News About St. Vincent de Paul
St. Vincent de Paul Receives Matching Grant from The HEDCO Foundation: Grant will be used to Update the Efficiency and Operation of Truck Fleet
June 20, 2011—The Society of St. Vincent de Paul, (SVdP) of Contra Costa County has received a $33,828 Matching Grant from the HEDCO Foundation, announced Derek Jernstedt, executive director of the HEDCO Foundation, and Jim Noe, board president of St. Vincent de Paul. This donation matches the "Challenge Grant" of $50,000 donated by the Dean & Margaret Lesher Foundation to St. Vincent de Paul in February, providing full funding for a new 18-foot delivery vehicle.
The HEDCO Foundation's charitable giving in Northern California supports education, and "safety net" services for children and families. The Lesher Foundation enhances the quality of life in Contra Costa County through charitable giving to support education, the arts, and children and families. Kathleen Odne, executive director of the Dean & Margaret Lesher Foundation said "We are pleased to partner with the HEDCO Foundation in providing this support to vulnerable families in the county".
"The funds will be utilized to purchase a new truck in order to update the efficiency and operation of the St. Vincent de Paul truck fleet which supports the pick-up, delivery and transportation of all goods sold or given to the needy from the two St. Vincent de Paul Thrift Stores," said Ron Weston, executive director of SVdP. Additional uses of the truck fleet include distribution of 14,000 warm coats each winter in the "One Warm Coat Program" and distribution of food/meals to the needy. The challenge grant and matching grant covers the total $83,828 needed to purchase the truck. Kathleen Odne, executive director of the Dean & Margaret Lesher Foundation said "We are pleased to partner with the HEDCO Foundation in providing this support to vulnerable families in the county".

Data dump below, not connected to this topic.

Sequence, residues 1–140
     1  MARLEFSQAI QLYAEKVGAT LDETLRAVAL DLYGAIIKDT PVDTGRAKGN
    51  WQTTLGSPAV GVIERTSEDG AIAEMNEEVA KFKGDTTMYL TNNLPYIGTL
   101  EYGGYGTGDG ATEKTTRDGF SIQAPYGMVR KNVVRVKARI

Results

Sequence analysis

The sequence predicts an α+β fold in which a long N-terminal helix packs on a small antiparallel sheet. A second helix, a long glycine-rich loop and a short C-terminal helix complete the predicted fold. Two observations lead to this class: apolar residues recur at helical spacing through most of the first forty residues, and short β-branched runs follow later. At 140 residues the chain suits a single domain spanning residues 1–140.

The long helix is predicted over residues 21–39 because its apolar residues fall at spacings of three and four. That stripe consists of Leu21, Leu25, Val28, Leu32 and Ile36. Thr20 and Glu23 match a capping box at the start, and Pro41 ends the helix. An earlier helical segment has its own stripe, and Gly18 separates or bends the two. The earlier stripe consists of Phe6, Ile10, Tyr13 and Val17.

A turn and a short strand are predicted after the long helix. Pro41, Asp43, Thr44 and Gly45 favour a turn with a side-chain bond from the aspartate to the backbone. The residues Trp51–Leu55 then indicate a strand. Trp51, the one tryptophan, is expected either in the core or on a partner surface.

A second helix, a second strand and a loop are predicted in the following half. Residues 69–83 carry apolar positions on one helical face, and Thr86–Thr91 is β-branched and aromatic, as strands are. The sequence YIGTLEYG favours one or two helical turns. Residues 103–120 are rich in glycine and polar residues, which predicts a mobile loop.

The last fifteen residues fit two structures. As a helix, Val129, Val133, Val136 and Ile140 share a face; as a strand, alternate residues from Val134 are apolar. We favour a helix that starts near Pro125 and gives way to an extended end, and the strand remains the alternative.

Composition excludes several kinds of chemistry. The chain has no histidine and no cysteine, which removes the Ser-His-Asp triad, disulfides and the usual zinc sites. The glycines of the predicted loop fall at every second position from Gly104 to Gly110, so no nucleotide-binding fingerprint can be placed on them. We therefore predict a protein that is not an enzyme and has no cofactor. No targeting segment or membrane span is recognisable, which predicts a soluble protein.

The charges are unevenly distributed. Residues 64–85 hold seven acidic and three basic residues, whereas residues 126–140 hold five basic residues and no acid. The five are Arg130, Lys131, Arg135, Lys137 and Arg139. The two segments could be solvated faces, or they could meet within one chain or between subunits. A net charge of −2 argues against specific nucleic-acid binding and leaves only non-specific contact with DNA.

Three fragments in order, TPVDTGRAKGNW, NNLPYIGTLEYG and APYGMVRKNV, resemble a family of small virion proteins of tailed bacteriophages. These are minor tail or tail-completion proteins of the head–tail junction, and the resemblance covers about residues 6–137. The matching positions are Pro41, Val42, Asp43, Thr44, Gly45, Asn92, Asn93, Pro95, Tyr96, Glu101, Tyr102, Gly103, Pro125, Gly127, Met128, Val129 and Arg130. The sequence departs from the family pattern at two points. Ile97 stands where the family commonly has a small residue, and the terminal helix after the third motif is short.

The St. Vincent de Paul Thrift Stores, located in Pleasant Hill and Pittsburg, support the economically marginalized in Contra Costa County by providing free and low-cost clothing, furniture and appliances. Over $100,000 in free clothing/furniture was provided by St. Vincent de Paul of Contra Costa to over 25,000 families in 2010. Over the past five years, our truck driver employee development program has successfully transitioned 12 employees from post-incarceration and successful parole completion to productive employment.